US and allies reject referendums

The G7 called “illegitimate” the Donbass, Zaporozhye, and Kherson vote on joining Russia, vowing to continue backing Ukraine

US and allies reject referendums

US and allies reject referendums

G7 vows to “never” recognize the Donbass vote and support Kiev in perpetuity

The G7 has condemned the referendums in Donetsk, Lugansk, Kherson, and Zaporozhye as “illegitimate” and undemocratic, vowing to never accept their results and continue supporting the government of Ukraine with weapons, money, and everything else, according to a statement released by the White House on Friday.

The US, UK, Canada, France, Germany, Italy, and Japan denounced the “sham referenda that Russia attempts to use to create a phony pretext for changing the status of Ukrainian sovereign territory,” which “have no legal effect or legitimacy,” and “in no way respect democratic norms,” according to the statement.

The two Donbass republics – recognized as independent states by Moscow in February – and the two southern regions of Ukraine mostly under control of Russian troops are holding a vote on joining Russia. The voting started on Friday and is expected to end next week.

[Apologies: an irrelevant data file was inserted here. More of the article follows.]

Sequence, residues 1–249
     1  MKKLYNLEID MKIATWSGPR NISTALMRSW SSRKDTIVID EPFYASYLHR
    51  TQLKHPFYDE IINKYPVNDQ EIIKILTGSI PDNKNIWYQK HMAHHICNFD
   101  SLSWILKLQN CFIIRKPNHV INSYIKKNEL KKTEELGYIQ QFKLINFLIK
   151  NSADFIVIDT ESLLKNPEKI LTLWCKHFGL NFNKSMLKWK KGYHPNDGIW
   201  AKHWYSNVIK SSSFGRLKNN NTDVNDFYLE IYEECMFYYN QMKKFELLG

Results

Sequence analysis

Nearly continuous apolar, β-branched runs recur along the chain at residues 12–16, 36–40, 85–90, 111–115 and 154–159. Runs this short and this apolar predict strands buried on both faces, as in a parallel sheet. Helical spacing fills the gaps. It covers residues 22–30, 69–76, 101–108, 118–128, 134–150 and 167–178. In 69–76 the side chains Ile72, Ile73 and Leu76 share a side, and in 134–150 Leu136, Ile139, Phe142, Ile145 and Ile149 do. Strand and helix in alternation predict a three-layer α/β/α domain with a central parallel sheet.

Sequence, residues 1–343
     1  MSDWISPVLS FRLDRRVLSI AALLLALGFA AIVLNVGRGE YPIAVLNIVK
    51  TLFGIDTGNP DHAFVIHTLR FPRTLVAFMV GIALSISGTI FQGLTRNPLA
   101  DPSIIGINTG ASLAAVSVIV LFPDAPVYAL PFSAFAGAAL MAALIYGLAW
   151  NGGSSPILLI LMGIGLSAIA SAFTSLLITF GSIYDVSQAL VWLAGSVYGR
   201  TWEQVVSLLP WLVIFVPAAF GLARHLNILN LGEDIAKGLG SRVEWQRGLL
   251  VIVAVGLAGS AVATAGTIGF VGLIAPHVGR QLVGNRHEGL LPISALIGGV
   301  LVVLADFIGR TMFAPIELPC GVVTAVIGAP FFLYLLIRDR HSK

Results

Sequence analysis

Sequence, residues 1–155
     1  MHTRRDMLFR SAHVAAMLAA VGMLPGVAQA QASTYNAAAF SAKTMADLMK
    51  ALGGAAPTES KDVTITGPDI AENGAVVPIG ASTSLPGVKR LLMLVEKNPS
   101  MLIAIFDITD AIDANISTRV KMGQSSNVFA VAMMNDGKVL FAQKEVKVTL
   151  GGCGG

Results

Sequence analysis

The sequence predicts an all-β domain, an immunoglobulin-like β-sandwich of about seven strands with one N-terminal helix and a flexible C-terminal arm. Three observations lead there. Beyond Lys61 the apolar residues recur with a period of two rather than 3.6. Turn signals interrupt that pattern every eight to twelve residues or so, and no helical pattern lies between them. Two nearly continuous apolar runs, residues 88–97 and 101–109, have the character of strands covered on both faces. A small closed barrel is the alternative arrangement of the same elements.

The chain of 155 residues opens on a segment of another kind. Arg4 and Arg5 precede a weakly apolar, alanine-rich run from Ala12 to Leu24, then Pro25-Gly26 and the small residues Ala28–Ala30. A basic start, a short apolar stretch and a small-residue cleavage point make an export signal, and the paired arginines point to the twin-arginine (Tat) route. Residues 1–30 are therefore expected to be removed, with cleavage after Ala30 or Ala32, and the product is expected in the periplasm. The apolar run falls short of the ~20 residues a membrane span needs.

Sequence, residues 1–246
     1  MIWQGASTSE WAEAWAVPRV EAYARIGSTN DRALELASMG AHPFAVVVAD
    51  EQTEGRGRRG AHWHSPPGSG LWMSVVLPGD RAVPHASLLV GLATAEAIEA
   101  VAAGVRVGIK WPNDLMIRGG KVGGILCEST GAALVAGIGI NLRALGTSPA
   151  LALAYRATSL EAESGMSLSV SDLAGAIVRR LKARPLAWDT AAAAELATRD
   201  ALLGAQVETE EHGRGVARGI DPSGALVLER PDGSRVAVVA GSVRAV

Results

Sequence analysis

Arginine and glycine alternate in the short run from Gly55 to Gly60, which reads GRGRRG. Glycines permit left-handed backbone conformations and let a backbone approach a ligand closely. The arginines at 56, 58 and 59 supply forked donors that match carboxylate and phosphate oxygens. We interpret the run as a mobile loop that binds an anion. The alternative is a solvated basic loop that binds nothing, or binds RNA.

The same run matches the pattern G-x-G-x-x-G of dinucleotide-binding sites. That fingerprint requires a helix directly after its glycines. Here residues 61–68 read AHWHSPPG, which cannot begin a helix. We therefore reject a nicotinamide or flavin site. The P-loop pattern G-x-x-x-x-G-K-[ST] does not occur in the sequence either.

Insisting it would “never recognise these referenda” or the subsequent “Russian annexation,” the G7 said they “in no way represent a legitimate expression of the will of the Ukrainian people.”

Instead, the G7 said it would continue to provide “financial, humanitarian, military, diplomatic and legal support” to the government in Kiev and launch “reconstruction efforts” at a conference in Germany next month. “We will stand firmly with Ukraine for as long as it takes,” the statement concluded.

Following the February 2014 US-backed coup in Kiev, several regions refused to recognize the legitimacy of the Ukrainian government. Crimea voted to rejoin Russia in March that year. Ukraine and the G7 have refused to recognize this as well, calling it an illegitimate annexation. Shortly thereafter, Donetsk and Lugansk declared independence, and were targeted by the Ukrainian military in what Kiev called an “anti-terrorist operation.” 

Russia sent troops into Ukraine on February 24, citing Ukraine’s failure to implement the Minsk agreements, designed to give Donetsk and Lugansk special status within the Ukrainian state. The protocols, brokered by Germany and France, were first signed in 2014. Former Ukrainian president Pyotr Poroshenko has since admitted that Kiev’s main goal was to use the ceasefire to buy time and “create powerful armed forces.

After recognizing the two Donbass republics as independent states, Moscow demanded that Ukraine officially declare itself a neutral country that will never join any Western military bloc. Kiev insists the Russian offensive was completely unprovoked.